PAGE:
As Autism Connections expands our reach and implements new services, especially for transition age and autistic adults, we need your help. Whatever your skill set, believe me, we can use your assistance. If you are interested in helping with our activities as a volunteer, please contact me, or Karen Serra, our wonderful Director. Or, speak with any member of our staff, and they can pass along your interest to Karen or me.
And now, let me turn from asking you for help to introducing you to a source of some wondrous information that will enhance your understanding of autism, and the needs of autistic people. I am referring, of course, to our first speaker, Steve Silberman.
I am proud to count Steve as a friend. He is probably one of the few people I know who has more friends than I do. And such variety! Talk about diversity…
Music, for example, is very important to Steve. I can tell from his Facebook feed that he has been spending a lot of time lately with David Crosby. He calls himself a fly on the wall, but he’s being modest. He has produced albums and he is not an entirely passive player in the game.
When I heard on my local radio station that David Crosby would be appearing at Tanglewood in June, I burst out laughing. Not because that is, in itself, very funny. But I was immediately reminded of a story that you [looking at Steve] told me. [I did not repeat the story; it was an amusing anecdote of Steve’s, about another Crosby appearance at Tanglewood many years ago.]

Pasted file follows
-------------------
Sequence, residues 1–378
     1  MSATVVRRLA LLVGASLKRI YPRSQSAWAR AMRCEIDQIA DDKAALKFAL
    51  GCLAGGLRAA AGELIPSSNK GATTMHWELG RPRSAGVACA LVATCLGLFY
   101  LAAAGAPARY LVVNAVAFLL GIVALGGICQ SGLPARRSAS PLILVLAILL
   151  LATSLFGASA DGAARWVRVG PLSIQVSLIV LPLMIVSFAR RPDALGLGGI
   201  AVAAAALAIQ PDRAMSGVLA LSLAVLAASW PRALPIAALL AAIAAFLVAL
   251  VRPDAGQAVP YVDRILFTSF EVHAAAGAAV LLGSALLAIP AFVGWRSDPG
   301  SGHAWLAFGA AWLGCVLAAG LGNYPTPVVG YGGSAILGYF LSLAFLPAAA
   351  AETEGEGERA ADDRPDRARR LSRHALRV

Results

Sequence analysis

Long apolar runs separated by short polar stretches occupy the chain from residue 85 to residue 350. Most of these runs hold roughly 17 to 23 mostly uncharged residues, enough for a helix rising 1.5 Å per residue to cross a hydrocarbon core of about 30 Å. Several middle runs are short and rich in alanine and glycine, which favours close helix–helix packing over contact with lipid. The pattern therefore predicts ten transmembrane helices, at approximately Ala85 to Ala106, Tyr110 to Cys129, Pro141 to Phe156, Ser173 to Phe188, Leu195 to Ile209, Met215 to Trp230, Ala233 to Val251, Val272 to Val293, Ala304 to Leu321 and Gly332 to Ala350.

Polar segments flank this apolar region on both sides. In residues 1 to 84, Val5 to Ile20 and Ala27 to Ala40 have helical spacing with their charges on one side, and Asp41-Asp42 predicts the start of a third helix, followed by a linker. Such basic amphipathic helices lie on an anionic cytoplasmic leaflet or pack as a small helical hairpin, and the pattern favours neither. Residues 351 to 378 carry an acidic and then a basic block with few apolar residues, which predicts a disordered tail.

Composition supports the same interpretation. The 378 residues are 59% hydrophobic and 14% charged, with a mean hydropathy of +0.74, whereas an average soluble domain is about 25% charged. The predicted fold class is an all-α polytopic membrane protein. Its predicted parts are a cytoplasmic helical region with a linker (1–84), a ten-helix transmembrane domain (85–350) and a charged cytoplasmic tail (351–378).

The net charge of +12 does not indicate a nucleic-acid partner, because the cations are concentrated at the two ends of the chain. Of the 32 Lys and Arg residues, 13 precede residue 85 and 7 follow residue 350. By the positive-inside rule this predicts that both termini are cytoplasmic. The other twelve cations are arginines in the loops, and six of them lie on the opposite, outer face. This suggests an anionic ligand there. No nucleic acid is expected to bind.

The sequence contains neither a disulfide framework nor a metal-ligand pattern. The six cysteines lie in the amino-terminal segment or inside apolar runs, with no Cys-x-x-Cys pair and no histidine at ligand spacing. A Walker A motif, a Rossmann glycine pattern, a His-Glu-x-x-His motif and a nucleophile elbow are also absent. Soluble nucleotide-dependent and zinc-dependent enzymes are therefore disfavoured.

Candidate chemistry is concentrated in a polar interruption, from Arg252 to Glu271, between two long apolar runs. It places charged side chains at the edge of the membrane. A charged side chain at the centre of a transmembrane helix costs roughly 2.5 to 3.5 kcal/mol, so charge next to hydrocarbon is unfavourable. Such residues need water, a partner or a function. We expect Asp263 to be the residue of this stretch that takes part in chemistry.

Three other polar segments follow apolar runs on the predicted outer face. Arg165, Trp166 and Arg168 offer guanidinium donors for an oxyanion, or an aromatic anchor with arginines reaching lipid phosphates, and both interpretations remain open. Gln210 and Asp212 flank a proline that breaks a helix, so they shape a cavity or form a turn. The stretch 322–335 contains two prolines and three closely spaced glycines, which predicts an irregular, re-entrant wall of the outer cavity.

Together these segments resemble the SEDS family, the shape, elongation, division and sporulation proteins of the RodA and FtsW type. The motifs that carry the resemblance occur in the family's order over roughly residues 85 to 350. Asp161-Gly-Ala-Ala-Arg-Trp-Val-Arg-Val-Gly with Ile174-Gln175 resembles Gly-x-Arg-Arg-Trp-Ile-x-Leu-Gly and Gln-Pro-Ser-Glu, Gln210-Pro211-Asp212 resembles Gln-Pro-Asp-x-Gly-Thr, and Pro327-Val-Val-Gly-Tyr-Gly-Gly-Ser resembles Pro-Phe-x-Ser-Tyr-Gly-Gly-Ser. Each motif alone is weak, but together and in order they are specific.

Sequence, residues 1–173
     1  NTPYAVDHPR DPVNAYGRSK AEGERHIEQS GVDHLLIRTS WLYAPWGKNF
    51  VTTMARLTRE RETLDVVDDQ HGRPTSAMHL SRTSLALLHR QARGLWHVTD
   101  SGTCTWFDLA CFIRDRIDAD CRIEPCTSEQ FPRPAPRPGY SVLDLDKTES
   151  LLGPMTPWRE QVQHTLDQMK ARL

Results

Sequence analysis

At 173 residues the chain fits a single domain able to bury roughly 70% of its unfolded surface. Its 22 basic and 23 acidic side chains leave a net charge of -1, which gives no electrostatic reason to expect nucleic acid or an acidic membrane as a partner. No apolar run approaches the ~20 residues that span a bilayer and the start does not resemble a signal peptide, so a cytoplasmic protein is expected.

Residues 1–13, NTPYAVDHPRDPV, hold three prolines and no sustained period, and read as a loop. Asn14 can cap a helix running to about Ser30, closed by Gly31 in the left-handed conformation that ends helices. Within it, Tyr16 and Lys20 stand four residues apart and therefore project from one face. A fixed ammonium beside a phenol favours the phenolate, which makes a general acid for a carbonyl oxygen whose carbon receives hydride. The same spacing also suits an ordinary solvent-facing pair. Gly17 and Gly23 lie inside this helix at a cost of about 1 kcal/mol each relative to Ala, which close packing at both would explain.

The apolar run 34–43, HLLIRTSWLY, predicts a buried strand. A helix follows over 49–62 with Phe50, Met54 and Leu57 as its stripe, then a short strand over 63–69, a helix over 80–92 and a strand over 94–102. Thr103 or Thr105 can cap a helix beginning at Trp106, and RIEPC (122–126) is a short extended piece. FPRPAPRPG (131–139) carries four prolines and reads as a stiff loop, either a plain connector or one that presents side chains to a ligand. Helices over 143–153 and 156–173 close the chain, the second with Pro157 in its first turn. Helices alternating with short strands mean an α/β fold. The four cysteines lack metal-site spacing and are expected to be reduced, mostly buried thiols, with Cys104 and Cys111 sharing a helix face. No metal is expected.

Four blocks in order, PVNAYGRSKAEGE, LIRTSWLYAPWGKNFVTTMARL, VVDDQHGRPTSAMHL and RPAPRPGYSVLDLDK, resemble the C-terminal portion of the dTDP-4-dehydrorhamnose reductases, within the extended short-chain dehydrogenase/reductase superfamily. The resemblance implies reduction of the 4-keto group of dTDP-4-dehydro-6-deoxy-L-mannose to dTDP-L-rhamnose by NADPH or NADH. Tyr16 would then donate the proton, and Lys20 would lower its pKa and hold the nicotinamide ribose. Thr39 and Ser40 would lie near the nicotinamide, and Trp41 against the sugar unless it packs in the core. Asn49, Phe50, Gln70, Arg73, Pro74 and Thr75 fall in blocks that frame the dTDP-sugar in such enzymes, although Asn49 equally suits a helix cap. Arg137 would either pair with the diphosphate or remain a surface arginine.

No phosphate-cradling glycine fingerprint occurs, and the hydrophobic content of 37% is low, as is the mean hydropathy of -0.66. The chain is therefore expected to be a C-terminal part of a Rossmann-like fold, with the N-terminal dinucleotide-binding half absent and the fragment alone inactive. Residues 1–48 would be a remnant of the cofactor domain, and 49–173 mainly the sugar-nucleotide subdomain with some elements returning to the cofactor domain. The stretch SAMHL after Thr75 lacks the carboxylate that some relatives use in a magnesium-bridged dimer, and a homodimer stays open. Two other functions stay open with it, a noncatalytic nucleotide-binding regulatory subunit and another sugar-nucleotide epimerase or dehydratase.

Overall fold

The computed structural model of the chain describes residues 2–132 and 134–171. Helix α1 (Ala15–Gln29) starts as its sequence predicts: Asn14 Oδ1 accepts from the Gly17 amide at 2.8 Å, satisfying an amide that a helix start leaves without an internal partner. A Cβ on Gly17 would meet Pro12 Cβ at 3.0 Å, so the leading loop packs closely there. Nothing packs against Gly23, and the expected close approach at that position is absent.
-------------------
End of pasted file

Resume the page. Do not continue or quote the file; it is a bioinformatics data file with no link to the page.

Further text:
Two years ago, Steve gave the keynote address for World Autism Day at the United Nations. Ten years earlier, such an event might have been filled with the gnashing of teeth and the gushing of pity for us poor autistic folks who would never amount to anything. Instead, Steve gave an impassioned speech calling for the full inclusion of autistic people. I think that was one of the best talks you’ve ever given.
Later on that program, our friend Ari Ne’eman introduced the crowd to sensory-friendly applause, acknowledging our borrowing from the deaf community. [I demonstrated the sign for applause]
I saw, in response, hundreds of people waving their hands in the air, and it brought tears to my eyes, to think how much the world has changed, even in the few short years I’ve been involved.
So, in a few moments, when you welcome our speaker, instead of clapping, give it a try!
You [again, looking at Steve] may remember the conversation we had at NYU when you appeared before the journalism school. You were asked how you came to be not just a reporter, but an advocate for autistic people. We talked about how, when you are black, or gay, or Jewish, or autistic, or belong to some other group that has been marginalized; discriminated against, misunderstood, picked on and bullied, excluded, and told in ways both direct and indirect that you are not welcome, you can easily develop empathy for someone else who belongs to a similar group.
I asked you if you had observed, as I have in the hundreds of autistic people I have come to know; a high degree of social awareness and a very common desire for social justice. You just laughed and said, “I think it could be a diagnostic criterion!” Do you remember that?
I’m not gay and I’m not Jewish, and Steve is not autistic. Yet, we have a lot in common. Here I am, trying to make a difference, and here you are, doing the same.
It is with enormous pleasure that I introduce to you my good friend, Steve Silberman.